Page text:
In 1963, the AEC contracted to sell byproduct steam to WPPSS. WPPSS then assigned the right to fifty percent of the electric power produced by Hanford to five investor-owned utilities (Montana Power Company, Pacific Power Light Company, Portland General Electric Company, Puget Sound Power Light Company, and the Washington Water Power Company) and certain publicly-owned utilities including plaintiffs. The IOUs and publicly-owned utilities then assigned to BPA their rights to receive electric power produced from Hanford in exchange for rights to receive specified amounts of electric power from BPA.
BPA became involved with Hanford through these 1963 exchange contracts. The contracts shifted the risk from the IOUs and publicly-owned utilities to BPA of the "dry hole" danger that no steam would be available from the NPR. BPA promised to deliver electric energy whether or not Hanford was in production. Additionally, since BPA agreed to sell power at its usual rates, the contracts removed the disincentive for the IOUs and publicly-owned utilities to invest in Hanford. That disincentive was created by the fact that in 1963 the cost of power from Hanford was substantially greater than the cost of power BPA marketed from federal hydroelectric facilities.
The amount of electric energy BPA was obligated to deliver to the IOUs until June 30, 1983, was specified in a 1974 contract (the "1974 Agreement"). The 1974 Agreement provided the five IOUs with an option to purchase from BPA an amount of energy equal to one-half of that produced by Hanford after October 31, 1977, at a specified price:
Each company shall have the option to purchase up to one-tenth of the net energy output available due to continued operation of the Hanford Project after October 31, 1977. As payment for such energy the company shall pay one-tenth of the [Washington Public Power] Supply System's annual budget for the project during the period of operation less one-tenth of the amounts specified in section 11(b) of the Exchange Agreement for the related periods ending June 30, 1980, and less one-tenth of any debt service on the Hanford project for each contract year thereafter. The amounts to be paid for lesser amounts of energy would be ratably reduced. The company may assign all or a portion of its share to the remaining companies subject to the same terms and conditions.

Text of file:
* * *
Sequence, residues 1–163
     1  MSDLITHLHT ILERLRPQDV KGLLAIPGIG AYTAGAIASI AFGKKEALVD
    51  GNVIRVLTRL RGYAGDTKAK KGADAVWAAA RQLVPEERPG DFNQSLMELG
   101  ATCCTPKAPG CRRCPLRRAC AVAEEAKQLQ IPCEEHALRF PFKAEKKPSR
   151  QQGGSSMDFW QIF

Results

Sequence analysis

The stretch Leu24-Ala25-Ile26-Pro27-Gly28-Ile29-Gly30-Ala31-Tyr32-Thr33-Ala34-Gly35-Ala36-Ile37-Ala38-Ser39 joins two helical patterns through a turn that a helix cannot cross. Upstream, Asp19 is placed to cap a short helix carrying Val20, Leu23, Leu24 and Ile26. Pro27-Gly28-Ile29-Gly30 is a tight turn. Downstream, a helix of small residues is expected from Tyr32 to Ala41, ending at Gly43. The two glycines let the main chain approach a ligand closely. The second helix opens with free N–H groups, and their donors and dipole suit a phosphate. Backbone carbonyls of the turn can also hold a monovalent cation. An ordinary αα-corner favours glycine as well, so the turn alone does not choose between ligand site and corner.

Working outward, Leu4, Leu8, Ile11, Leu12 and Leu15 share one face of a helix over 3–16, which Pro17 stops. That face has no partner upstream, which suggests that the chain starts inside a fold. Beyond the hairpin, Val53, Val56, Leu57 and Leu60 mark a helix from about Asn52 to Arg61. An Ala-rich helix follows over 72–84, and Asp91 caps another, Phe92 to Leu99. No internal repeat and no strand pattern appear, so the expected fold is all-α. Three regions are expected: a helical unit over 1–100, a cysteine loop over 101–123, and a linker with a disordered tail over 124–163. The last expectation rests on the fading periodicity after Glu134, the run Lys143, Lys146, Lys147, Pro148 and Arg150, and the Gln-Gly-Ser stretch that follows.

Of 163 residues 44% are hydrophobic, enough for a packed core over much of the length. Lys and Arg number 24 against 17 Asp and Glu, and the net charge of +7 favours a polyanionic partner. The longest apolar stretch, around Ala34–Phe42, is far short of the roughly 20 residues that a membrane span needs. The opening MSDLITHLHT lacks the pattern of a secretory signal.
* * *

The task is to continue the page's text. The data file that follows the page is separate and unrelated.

In June, 1983, the IOUs indicated their collective intent to exercise their option to purchase from BPA between July 1, 1983, and June 30, 1993, an amount of energy equal to one-half of that produced by Hanford. At that time, the Montana Power Company declined to exercise its option under the 1974 Agreement but offered its share to the remaining IOUs, three of which indicated they would purchase that energy. Then, on March 5, 1984, Portland General Electric indicated it no longer wished to purchase its ten percent share of the Hanford energy and did not assign its right to another company. On March 30, 1984, the Washington Water Power Company indicated it no longer wished to purchase its share of the Hanford energy and it, too, did not assign its right to another company. By letters dated March 16, 1984, and April 4, 1984, respectively, BPA notified the two companies that it would treat the energy the companies declined to purchase as additional energy available to BPA for disposal without obligation to any company.